The school that I work at in Tanzania is called Best Hope, and although a private school, the school educates students for free, or if they can afford it, asks for an annual 120,000 shilling (about $60USD) contribution. This school provides education for orphaned children who are living with grandparents or aunts, and children from severely low income families. Several of the students don’t have shoes and only have one set of clothes.

In several cases, orphaned children who are in the orphanage system are better off due to the overwhelming contributions from international non -profits. The orphanage in Moshi is fully funded by a British non-profit organization. Where the gaps happen are with the children who by definition are orphaned but are living with extended family members. Several of these fill- in parents like grandparents, are unable to afford the costs of basic education for these children.

Best Hope is the only school in the area that provides education for free. That being said, the facility is minimal. Consisting of four classrooms, where 3-4 different education levels are placed in one class; the school hopes to expand and have one classroom per education level. Moreover, there is only one teacher at the school, turning to international volunteers to fill the gap. This works only if there are volunteers. My classroom contains students from the ages of 8-14 years old. I have turned to daily mathematics testing to distinguish the education level and to work on rebuilding their basic math foundation.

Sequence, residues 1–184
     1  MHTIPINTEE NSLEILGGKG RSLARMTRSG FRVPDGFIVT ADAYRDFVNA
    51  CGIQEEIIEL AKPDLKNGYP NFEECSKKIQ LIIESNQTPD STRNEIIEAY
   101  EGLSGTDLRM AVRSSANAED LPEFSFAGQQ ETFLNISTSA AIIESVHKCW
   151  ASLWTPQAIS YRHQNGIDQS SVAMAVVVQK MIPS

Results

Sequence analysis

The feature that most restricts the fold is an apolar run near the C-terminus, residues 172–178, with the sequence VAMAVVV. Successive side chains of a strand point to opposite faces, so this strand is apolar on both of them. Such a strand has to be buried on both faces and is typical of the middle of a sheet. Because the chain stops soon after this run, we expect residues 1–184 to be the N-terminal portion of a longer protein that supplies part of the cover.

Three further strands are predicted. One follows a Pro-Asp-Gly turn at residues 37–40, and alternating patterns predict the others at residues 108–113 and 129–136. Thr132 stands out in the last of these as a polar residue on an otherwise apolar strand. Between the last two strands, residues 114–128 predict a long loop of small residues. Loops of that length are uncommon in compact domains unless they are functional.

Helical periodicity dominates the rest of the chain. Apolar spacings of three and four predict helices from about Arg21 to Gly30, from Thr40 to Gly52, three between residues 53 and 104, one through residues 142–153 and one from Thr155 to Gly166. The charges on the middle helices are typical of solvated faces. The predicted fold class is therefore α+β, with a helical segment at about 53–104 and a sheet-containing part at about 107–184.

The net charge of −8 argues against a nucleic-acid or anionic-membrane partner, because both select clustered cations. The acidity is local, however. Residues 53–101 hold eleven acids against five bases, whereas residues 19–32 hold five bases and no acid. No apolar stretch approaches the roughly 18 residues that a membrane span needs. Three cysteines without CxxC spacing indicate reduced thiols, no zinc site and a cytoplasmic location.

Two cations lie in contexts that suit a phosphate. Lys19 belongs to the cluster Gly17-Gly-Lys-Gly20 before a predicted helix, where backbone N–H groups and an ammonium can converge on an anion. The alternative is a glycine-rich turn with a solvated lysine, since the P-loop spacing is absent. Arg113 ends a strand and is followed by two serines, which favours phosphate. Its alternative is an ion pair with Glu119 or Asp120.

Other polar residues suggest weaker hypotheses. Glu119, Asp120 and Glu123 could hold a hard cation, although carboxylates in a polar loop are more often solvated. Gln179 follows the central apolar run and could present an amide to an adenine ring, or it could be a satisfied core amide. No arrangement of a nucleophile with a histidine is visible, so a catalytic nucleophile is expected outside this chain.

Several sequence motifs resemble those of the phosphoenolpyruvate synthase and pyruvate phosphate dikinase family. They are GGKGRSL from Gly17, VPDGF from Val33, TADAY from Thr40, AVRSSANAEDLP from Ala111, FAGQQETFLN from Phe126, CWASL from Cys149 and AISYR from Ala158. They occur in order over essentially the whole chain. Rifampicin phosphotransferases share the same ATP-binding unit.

The issue I ran across is that teachers teach the material but don’t actually take the time to make sure the students understand it. Currently my younger ones are adding fractions, however they don’t know how to multiple, making adding fractions impossible. It wasn’t until I tested the students and showed the teacher that they had failed their multiplication exams that she was willing to go back and work on the basic foundation stuff and stop pushing adding fractions. The largest issue I have witnessed with the education system is a lack of a syllabus.

All primary school students are placed at levels based on age P1 through P6, however there are no exams for the students to take to ensure they understand the information at their level before going onto the next level. As long as the information has been taught, the student moves on. This results in several students failing the examination (usually their first exam) to get into Secondary school, ending their education at the age of 14.

I am currently working with the school’s Director to establish a syllabus and testing system; however, resources are also a limiting factor for the school. After three days at the school, I said enough was enough and offered to put in floors for my classroom (my weekend project), something that is greatly needed. I move between teaching math and English and cleaning up infected cuts on the kid’s feet because they don’t have shoes and the rocks on the floors often cut their feet. One cut was so bad that I had to drain the puss before cleaning and dressing the wound. This all being said, there is a way to help the school directly by donating the most basic supplies to the school.

Supplies needed:

Basic school supplies (pens and paper)

Books (primary level math, English, and science)

Toys for the kids to play with (I bought a soccer ball this week- one of two toys at the school now)

Clothes and shoes

First aid kits

All donations can be sent directly to the school:

The Best Hope Preparatory Center

C/O Emmanuel Aikael Mkya

P.O. Box 3060

Moshi, Tanzania

Thank you!!

All things have to be hand written, including examinations. My classroom at Best Hope (second picture).